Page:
Science and democracy
2011/03/01 Pérez Iglesias, Juan Ignacio - Kultura Zientifikoaren KatedraEHU-BFA Iturria: Elhuyar aldizkaria
That should not be surprising. There are two types of reasons, which refer to values and functional reasons, which also have a lot to do with each other. I will begin to work on values. Science, as we know it today, was born in the Age of Lights. At that time in the history of humanity, science and knowledge based on evidence in general became the main motor of intellectual progress. Even in the Age of Lights the foundations of today's democratic and open societies were laid. I do not think it is the result of the coincidence that both creations -- of democratic society and science -- coincide. These new ideas were born in the same intellectual environment: those that refer to the foundations of science and that are at the basis of the liberal ideology that would have been imposed in subsequent decades. In short, evidence-based knowledge bases are the same as the most open and democratic societies: they are doubt, freedom, tolerance and optimism. And both have the same rivals: prejudice, intolerance, dogmatism and pessimism.
I am going to refer below to functional reasons, but it must be made clear, as I said before, that these types of reasons have much to do with the values expressed in the previous lines. Evidence-based knowledge does not limit its influence to the scientific field, since, in addition to being the core of science, this type of knowledge plays an important role in democratic societies. The scientific hypotheses are initially similar to the experimental ones, some are discarded immediately, but the evidence is confirmed and considered consolidated. According to the scientific method, all new hypotheses must be analyzed and contrasted, some of which take their place over time. The functioning of democratic societies is similar. Freedom of criticism and tolerance for the opinions of others are fundamental in these societies, so the same system can become a consequence of criticism and evaluation.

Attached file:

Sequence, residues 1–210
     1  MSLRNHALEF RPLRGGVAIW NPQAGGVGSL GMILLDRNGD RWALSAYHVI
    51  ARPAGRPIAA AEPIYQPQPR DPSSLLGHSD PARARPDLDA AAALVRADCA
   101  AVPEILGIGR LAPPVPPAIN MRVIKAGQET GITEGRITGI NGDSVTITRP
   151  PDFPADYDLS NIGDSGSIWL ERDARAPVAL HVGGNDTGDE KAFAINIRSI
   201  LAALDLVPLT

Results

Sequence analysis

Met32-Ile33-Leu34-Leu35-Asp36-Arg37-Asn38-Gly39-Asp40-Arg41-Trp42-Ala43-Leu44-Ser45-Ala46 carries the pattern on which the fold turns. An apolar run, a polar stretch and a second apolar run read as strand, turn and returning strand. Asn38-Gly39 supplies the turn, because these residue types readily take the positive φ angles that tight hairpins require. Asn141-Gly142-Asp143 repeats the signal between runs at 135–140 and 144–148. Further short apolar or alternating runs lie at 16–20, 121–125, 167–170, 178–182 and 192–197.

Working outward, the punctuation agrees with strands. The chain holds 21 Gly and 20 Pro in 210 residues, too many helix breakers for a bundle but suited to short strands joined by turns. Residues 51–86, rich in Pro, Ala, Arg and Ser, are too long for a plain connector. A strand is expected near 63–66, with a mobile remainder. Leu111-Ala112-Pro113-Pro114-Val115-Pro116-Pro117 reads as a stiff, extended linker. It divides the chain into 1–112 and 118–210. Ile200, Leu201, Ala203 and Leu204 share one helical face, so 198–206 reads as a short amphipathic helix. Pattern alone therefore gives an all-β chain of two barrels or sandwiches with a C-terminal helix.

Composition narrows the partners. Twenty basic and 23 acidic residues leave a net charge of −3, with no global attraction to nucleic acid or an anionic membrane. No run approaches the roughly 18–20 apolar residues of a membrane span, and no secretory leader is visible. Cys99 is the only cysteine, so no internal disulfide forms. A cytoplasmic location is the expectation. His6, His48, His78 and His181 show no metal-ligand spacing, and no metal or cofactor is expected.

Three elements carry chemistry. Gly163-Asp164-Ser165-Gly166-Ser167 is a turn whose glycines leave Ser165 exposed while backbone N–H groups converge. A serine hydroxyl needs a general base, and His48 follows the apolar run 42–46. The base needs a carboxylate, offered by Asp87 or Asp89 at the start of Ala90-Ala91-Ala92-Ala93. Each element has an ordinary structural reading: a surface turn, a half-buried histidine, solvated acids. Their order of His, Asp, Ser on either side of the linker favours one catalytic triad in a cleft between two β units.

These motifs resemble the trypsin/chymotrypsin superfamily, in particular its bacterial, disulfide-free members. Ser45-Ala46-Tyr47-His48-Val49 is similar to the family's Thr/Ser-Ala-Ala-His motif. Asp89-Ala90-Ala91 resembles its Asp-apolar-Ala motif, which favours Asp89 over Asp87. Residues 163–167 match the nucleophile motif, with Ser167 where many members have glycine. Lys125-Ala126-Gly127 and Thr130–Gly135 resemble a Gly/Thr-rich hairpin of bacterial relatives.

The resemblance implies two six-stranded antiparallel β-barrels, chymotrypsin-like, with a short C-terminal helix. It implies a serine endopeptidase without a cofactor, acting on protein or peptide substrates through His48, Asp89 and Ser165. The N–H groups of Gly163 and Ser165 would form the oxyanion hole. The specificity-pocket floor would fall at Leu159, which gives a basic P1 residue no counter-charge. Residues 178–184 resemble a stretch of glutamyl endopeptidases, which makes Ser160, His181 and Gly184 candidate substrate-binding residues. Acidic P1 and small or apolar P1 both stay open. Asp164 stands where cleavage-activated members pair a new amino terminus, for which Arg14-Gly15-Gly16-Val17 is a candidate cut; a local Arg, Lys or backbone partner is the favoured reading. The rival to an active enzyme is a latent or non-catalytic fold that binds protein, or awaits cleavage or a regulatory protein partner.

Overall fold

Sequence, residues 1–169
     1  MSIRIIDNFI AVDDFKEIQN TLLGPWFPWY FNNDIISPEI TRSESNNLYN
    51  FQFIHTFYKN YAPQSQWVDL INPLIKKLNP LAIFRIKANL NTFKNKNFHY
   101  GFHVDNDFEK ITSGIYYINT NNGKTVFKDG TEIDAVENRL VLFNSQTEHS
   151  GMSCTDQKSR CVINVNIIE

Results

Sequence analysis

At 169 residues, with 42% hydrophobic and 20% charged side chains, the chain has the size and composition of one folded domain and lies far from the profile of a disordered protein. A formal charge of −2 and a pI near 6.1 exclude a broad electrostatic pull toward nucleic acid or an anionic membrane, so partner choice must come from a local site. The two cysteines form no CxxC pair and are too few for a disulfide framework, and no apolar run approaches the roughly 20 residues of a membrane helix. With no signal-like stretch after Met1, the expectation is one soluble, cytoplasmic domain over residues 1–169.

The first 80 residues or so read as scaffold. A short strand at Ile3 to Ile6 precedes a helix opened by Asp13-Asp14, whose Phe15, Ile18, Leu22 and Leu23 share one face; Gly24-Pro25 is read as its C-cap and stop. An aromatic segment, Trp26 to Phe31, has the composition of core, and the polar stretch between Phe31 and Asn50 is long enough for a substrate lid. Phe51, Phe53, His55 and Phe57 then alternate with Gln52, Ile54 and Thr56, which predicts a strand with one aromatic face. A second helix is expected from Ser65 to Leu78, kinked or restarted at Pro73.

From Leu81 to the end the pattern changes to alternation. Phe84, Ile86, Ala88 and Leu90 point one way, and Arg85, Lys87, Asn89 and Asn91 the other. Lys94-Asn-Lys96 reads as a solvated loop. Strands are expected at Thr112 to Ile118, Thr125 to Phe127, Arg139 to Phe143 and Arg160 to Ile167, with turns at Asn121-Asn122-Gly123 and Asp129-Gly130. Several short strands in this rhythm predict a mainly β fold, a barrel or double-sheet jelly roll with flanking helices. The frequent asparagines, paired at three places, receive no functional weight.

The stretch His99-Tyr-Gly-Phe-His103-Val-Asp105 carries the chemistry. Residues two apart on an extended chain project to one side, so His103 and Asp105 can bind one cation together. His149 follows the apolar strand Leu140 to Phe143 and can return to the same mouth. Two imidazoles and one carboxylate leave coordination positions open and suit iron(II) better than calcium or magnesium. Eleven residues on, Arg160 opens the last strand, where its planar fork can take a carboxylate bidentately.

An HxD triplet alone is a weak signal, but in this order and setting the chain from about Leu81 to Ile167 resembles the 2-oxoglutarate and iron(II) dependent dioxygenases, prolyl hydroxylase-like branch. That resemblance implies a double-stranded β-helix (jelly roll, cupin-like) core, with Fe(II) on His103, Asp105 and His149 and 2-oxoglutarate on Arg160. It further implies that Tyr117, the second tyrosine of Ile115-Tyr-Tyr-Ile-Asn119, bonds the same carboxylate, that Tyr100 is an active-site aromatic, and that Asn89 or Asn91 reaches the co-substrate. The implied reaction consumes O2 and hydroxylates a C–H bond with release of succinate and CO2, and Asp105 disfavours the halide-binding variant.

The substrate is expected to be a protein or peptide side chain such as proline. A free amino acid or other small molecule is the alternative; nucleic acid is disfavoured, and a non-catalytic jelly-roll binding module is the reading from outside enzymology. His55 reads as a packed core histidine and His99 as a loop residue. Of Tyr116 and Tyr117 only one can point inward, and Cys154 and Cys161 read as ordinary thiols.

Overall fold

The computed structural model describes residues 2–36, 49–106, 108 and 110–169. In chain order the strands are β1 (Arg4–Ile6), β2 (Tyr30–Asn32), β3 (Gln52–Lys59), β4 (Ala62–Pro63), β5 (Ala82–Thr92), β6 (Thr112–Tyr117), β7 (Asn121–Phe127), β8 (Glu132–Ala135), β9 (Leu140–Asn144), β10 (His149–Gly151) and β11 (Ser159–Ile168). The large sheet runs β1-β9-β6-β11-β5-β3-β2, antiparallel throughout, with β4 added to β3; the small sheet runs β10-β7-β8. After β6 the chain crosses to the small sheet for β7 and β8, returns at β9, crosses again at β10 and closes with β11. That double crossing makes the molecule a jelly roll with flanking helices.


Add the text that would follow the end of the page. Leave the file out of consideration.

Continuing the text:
According to Popper 1, the same mechanism allows for excellent levels of well-being in democratic societies. The critique allows to evaluate the proposals that are made and, as a result of this evaluation, to select the best options. Then, when these proposals are put into practice, their results can also be evaluated, and as a result of this evaluation these policies are maintained, modified or discarded. In short, all policies are based on forecasts about what will happen. And once established some forms of politics, they analyze, evaluate and criticize their results. This happens in open and democratic societies, while in dictatorships it cannot exist, because criticism itself is forbidden and without criticism a serious evaluation cannot be made. Therefore, it is important that the functioning of society is based on values similar to those of science.
In the past we have had indicators that show the incompatibility between science and dictatorial regimes. Lysen's case of the Soviet Union was paradigmatic. Trofim Lysenko was an agronomist without knowledge of genetics, but for 35 years (1929-1965) he radically conditioned the development of Soviet agriculture. Lysenko was a supporter of Lamarck's ideas. As is known, according to these ideas, the characteristics obtained in life are heritable. Lysenko liked these ideas because, in his opinion, they coincided with communist ideas. He gained great power during Stalin's dictatorship and had a great influence during Stalin's term and in the later years; few scientists faced each other and some of them lost their lives for it. But the agriculture of the Soviet Union had very negative results during all these years.
Today, there are fewer and fewer dictatorships in the world, because democracy is expanding in the peoples. There are significant exceptions, of course, but in this sense things are getting better. However, we live in an era of contradictions. Science and science and technology products have generated some distrust in Western countries. Of course, this will not have positive consequences for the development of our peoples. But more than development itself, I think the most dangerous thing is the damage these attitudes can do to democratic societies. Questioning the benefits of science can endanger the principles of science and, as we have seen before, the principles of science are the same as those of open and democratic societies.
Therefore, we must maintain the defense of science and its principles. Attitudes against science and evidence-based knowledge are increasingly widespread in our society and dogmatism and fundamentalism are becoming stronger and stronger. In short, questioning the foundations of science endangers the principles of our society. We should not be confused with this, because the welfare of the future is at stake, both material well-being and political and intellectual well-being.
1 Karl Popper (1974): "Unended Quest. An Intellectual Autobiography" The Library of Living Philosophers.
2 Alexander Kohn (1986): "False prophets. The d and error in Science and Medicine". Basil Blackwell.